Your Basic Guide To Asian Confinement

Your Basic Guide To Asian Confinement


Here are some traditional confinement practices across the different races in Singapore and why these practices may be beneficial for your body!

We are all familiar with the concept of confinement – it is a dedicated period of time for you to rest and recuperate after childbirth. Many confinement practices in Asia – and Singapore – are centred on culture and belief. While some practices may seem a little much, the central reason for these practices is that they help to provide adequate rest and nourishment for the mother after delivery.

Chinese Practices

For Chinese mothers, the confinement period lasts 30 days, after an old Chinese saying that goes: “Eat well, sleep well, nothing is better than sitting the month well.”

Eating well is important for mothers after childbirth as it provides nutrients for the body to recuperate and take care of their newborn. Some popular traditional dishes you can take during confinement include fish soup boiled with papaya, chicken cooked in sesame oil and a traditional tonic brewed from 10 herbs. Ginger can also be eaten as part of meals or included in cooking as it is believed ginger can purge ‘wind’ from a mother’s body.

It is best to also avoid raw food or food cooked the previous day. Avoid plain water to reduce the risk of water retention and drinks made with herbs and preserved dates are recommended instead.

Other practices include staying at home as much as possible to reduce “outdoor pollution” and refraining from strenuous activities to minimise muscle weakening.

Some daily practices a Chinese mother may follow include:

  • No washing of the body or hair, especially avoiding contact with cold water
  • Avoid wind, fans and air conditioning
  • Avoid walking or moving about too much; the ideal is lying on the back in bed

Malay Practices

A traditional Malay confinement period is 44 days. Many Malay mothers view confinement period as a test of their patience, as well as valuable time to spend with their new bundle of joy.

Similar to Chinese practices, you should eat foods made of “warm” ingredients and “cooling” foods are to be avoided. A special drink made of herbs called jamu can be taken to keep your body warm as it is believed that pores in a new mum’s body are opened during birth.

Practices such as urut (massaging) by a professional female masseuse is recommended to purge out ‘wind’ in your body. A special wrap called the bengkung can also be done as it is believed to help retain your body shape after birth.

Other practices a Malay mother may follow include:

  • Drinking a tonic made from medicinal plants called air akar kayu
  • Daily massages called tuku that uses a heated ball-like metal object wrapped in a cloth and noni leaf and rubbed over the abdomen area
  • Avoiding squatting for too long or stubbing your toe as it is believed it may affect the mother’s uterus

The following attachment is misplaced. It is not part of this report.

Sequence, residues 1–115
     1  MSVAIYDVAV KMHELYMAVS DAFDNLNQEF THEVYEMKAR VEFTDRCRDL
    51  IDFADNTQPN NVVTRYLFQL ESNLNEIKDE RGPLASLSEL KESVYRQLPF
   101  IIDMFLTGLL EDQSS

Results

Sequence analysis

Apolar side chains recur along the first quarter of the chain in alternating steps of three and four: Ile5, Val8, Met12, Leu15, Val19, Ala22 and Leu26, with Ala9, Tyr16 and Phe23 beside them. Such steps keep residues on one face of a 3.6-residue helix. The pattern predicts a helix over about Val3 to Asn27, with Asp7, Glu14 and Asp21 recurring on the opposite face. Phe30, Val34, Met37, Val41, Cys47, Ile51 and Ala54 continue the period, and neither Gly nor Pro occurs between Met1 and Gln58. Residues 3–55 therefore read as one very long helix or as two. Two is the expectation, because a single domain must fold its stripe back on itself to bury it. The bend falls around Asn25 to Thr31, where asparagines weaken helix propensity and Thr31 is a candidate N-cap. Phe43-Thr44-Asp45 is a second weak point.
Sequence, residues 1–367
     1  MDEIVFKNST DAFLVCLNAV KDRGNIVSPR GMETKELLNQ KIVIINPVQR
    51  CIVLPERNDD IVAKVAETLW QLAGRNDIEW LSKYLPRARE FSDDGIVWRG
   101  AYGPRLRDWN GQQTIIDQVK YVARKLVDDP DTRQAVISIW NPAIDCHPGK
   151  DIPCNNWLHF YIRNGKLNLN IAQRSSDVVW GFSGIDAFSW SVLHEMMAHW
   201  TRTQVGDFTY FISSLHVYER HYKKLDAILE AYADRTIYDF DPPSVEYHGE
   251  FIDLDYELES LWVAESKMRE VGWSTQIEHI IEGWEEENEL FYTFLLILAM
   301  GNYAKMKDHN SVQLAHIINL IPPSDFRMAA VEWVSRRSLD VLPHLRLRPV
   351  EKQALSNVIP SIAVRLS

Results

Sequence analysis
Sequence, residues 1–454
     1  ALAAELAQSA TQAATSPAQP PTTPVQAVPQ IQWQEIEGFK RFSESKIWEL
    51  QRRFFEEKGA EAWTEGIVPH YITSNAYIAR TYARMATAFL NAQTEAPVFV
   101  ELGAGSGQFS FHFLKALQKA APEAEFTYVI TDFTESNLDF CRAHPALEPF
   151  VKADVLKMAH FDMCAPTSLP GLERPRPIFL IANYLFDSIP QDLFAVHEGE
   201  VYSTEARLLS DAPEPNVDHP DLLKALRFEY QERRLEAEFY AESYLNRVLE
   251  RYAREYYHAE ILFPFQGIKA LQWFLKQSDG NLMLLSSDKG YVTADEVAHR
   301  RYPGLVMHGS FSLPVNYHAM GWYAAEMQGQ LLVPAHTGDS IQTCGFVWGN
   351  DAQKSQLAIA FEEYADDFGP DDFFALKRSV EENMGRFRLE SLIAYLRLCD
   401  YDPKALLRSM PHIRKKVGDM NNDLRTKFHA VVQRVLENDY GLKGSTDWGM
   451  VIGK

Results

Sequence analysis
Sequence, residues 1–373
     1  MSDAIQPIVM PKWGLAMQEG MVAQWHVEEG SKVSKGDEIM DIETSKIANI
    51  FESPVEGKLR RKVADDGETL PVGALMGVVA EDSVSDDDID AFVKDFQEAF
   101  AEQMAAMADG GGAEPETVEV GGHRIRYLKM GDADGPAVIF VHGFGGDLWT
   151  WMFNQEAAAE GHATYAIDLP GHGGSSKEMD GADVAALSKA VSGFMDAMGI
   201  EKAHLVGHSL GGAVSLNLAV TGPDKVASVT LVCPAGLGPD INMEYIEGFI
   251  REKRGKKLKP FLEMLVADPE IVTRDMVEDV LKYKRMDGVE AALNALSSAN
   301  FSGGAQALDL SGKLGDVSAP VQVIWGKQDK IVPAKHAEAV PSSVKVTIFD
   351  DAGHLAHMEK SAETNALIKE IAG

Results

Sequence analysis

Indian Practices

The practices in Indian confinement or postnatal care are based on ancient Ayurverdic methods. For Indian mothers, the confinement period lasts for 40 days.

During the confinement period, “warm” foods are also encouraged to purge ‘wind’ out of your body. Many Indian mothers may take garlic milk and avoid “cooling” foods such as cucumber, tomatoes, milk and mutton in their diet. Fruits, juices and gassy drinks are also to be avoided.

Chicken and shark meat cooked with lots of herbs are encouraged, but other seafood and chili are strictly avoided.

Common practices for Indian mothers include staying at home as it is believed it is to protect the family from “ritual pollution”. Bathing is discouraged but must be done with a special mix of herbs and turmeric between 11am and 2pm when the room temperature is at its highest.

Other practices an Indian mother may follow include:

  • Daily body massages with oils to aid muscle relaxation and tone the abdominal area
  • Washing their hair only on odd days during the first two weeks of confinement and drying with incense smoke
  • Binding a six feet long cloth around the tummy to prevent a “hollow cavity” from being left in the womb from childbirth and to help purge out unwanted substances from the body
  • Avoid entering prayer altar rooms

We see similarities in practices even across different races and cultures. While they have been practiced for many years and we are encouraged by our elders to follow them strictly, some practices such as not washing may not be practical in modern times and could cause infections. It is best to follow your instinct and decide for yourself what the best practices are for you and your newborn. You can also take this time away from the hustle and bustle of everyday life to bond and spend precious fleeting newborn days with your family!

Note of caution: Asian confinement practices are heavily based on culture and belief. Some practices like no washing may cause wound or episiotomy infections. Always discuss any concerns or questions you may have with your doctor.


Health Promotion Board Singapore (2012) Healthy Start for your Pregnancy. Retrieved from:

Health Hub Singapore (2016) Do’s and Don’ts of Asian Confinement. Retrieved from

Naser, E., Mackey, S., Arthur, D., Klainin-Yobas, P., Chen, H., & Creedy, D. K. (2012). An exploratory study of traditional birthing practices of Chinese, Malay and Indian women in Singapore. Midwifery, 28 (6), p.p e865–e871. doi:

Thiam, C, Tan K., Tan H. (2008) The New Art and Science of Pregnancy and Childbirth: What You Want to Know From Your Obstetrician. Hackensack (Etats-Unis). doi:

SG.2021.12782.PND.1 (v1.1)

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